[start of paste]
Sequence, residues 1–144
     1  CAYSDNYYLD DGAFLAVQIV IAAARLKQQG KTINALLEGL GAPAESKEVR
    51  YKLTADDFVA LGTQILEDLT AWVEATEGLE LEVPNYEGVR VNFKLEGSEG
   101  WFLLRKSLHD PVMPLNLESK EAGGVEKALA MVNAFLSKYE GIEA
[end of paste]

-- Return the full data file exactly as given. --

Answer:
Sequence, residues 1–144
     1  CAYSDNYYLD DGAFLAVQIV IAAARLKQQG KTINALLEGL GAPAESKEVR
    51  YKLTADDFVA LGTQILEDLT AWVEATEGLE LEVPNYEGVR VNFKLEGSEG
   101  WFLLRKSLHD PVMPLNLESK EAGGVEKALA MVNAFLSKYE GIEA